(Bankruptcy Watch: 14 Risky Restaurant Stocks report updated with Sonic's quarterly earnings results.)
NEW YORK (TheStreet) -- Amid concern over a possible double-dip recession -- or at least some stall in the recovery -- in the midst of rising gasoline and food prices, bankruptcy is a real concern for any company, and the restaurant sector is certainly not immune.
American diners spent 40.5% of their food budgets eating away from home in 2010, down just slightly from 41% in 2006, according to data from the Bureau of Economic Analysis.
Chains such as McDonald's (MCD), Chipotle Mexican Grill (CMG) and Starbucks (SBUX) continue to grow. But even so, a number of restaurant operators have filed for Chapter 11 bankruptcy protection in recent months.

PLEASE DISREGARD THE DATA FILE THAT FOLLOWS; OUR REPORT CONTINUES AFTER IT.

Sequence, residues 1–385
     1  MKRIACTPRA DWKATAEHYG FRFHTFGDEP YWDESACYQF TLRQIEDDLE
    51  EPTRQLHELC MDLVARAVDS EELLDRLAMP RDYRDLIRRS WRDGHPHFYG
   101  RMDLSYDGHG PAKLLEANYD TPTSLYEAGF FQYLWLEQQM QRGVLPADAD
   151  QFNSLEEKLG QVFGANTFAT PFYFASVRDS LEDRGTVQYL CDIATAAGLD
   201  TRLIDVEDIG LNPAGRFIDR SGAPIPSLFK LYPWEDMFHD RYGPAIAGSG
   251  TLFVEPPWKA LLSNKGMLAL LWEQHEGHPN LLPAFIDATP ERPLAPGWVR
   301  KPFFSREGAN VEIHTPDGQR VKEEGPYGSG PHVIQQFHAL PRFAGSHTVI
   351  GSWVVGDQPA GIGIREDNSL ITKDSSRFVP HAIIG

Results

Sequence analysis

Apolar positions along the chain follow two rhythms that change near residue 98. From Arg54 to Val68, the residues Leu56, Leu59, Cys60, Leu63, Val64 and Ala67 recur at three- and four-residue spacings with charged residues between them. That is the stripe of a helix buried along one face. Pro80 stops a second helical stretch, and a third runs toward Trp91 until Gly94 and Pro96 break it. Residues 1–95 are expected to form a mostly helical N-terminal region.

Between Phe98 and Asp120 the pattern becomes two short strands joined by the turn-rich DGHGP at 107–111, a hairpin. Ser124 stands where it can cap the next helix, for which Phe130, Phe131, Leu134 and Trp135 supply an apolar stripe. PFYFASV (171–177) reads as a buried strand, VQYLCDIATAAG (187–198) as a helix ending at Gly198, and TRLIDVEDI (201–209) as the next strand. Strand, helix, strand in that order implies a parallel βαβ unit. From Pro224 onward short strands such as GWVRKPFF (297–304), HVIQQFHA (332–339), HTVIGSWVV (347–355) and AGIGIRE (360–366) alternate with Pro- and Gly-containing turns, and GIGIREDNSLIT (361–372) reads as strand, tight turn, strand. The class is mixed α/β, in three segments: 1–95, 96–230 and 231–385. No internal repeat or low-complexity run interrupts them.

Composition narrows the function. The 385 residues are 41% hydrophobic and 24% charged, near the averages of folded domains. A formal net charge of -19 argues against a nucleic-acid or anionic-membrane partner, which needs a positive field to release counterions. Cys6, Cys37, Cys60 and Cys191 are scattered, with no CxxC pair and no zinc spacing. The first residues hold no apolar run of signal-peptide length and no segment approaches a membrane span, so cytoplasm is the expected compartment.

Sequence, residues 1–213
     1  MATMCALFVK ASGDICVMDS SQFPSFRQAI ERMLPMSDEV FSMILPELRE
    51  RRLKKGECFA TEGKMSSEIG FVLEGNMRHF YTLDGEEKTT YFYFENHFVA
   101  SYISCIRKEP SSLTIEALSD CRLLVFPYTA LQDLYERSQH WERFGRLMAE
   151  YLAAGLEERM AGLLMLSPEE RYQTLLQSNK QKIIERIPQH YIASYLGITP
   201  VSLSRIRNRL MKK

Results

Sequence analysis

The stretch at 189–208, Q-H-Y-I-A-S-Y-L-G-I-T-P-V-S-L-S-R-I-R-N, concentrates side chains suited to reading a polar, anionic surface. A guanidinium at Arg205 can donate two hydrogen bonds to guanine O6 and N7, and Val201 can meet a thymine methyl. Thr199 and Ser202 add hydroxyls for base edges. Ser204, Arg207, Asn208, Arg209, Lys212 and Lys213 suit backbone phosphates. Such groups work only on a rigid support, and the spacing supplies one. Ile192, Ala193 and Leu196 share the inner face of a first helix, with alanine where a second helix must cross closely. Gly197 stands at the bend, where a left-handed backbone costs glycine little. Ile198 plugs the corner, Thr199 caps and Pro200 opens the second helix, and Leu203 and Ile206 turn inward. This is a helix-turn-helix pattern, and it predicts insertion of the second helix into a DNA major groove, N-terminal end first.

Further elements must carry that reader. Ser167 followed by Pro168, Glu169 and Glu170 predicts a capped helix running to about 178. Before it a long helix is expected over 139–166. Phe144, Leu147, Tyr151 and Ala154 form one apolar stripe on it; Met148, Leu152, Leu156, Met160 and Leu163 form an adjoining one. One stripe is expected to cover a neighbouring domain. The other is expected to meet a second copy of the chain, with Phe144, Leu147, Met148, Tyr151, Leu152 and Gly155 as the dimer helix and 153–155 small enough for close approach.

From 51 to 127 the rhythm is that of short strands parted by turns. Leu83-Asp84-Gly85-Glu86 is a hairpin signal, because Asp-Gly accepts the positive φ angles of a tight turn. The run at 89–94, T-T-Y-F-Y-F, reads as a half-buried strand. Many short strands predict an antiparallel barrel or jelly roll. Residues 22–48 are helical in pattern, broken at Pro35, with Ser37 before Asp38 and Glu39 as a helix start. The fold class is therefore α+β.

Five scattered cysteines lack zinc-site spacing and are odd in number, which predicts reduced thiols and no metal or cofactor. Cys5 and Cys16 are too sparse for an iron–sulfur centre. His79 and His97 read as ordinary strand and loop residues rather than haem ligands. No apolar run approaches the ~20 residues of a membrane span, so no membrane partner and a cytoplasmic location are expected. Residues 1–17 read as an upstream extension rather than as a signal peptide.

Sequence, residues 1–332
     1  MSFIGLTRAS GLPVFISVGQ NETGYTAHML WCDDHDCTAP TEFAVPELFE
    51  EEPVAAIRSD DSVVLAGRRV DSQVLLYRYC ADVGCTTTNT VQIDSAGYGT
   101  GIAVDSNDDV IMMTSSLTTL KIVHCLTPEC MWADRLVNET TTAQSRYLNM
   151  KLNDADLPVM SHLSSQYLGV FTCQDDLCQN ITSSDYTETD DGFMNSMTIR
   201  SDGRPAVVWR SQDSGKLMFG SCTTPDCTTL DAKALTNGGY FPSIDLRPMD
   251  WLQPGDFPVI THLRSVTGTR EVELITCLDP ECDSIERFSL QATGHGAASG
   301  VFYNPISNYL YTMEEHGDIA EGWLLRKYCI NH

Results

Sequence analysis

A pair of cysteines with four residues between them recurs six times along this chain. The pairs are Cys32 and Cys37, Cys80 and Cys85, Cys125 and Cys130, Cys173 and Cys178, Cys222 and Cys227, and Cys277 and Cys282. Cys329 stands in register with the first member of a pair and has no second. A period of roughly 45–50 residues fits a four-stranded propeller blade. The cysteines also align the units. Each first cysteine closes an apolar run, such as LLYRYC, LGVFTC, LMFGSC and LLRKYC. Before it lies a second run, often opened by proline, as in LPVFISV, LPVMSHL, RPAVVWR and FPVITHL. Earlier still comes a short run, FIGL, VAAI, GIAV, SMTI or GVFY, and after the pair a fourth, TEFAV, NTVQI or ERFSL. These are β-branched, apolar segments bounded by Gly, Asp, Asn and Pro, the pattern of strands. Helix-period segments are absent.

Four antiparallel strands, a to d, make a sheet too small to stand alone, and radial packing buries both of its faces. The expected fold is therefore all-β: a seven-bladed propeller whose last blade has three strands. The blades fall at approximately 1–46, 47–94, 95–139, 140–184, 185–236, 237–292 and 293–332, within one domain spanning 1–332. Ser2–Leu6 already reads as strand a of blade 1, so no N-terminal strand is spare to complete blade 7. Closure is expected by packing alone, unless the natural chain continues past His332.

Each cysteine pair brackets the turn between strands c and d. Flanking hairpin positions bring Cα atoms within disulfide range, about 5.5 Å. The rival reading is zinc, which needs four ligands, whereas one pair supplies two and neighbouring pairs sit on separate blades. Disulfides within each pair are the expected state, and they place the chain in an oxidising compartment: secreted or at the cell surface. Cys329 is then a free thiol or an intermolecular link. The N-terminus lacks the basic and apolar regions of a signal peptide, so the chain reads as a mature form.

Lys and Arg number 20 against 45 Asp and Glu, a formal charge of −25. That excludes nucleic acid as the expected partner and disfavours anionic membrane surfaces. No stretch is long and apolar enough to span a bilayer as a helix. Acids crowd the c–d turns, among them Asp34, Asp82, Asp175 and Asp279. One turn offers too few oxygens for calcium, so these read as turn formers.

Notably, Sbarro, the famously mediocre Italian chain, went bankrupt in April. The Perkins and Marie Callender's restaurant chains filed for bankruptcy in early June, with plans to close 65 of their 600 locations and cut 2,500 jobs. Even celebrity-backed restaurants have fallen: Eva Longoria's Las Vegas restaurant Beso filed for bankruptcy in January, and Michael Jordan's The Steakhouse NYC, which overlooks the renowned lobby of the Grand Central Terminal, went under in November of last year. One way to test if a company runs the risk of filing for bankruptcy is through the Altman Z-Score, a formula developed by New York University professor Edward Altman in 1968. The Altman Z-Score measures several aspects of a company's financial health -- including working capital, total assets, total liabilities, market capitalization, sales, retained earnings and earnings before interest & taxes (EBIT) -- to forecast the probability of it going bankrupt within two years. Since its inception, the formula has been 72% accurate in predicting corporate bankruptcies two years prior to the filing, according to Investopedia. On a general basis, companies with a Z-Score higher than 3 are considered safe with little danger of bankruptcy, while those with a score of 1.81 or lower are considered distressed and are more likely to go bankrupt. Anything in between is a grey area. While the formula, of course, isn't the only indicator of financial health -- and is by no means a guaranteed barometer of a company's bankruptcy risk -- it is a metric worth considering for those restaurants that fall below the safety zone. Those with a declining Z-Score year over year may also raise a red flag. Taking this into account, we offer the restaurant chains with a Z-Score below 3 for the trailing 12 months, according to data from I-Metrix, from the least risky to the most risky, with a little detail on what each company has been up to lately. We limited our analysis to companies with a market capitalization of at least $100 million, but you can click through to the last slide for a complete chart of the 20 Riskiest Restaurant Stocks. NEXT...
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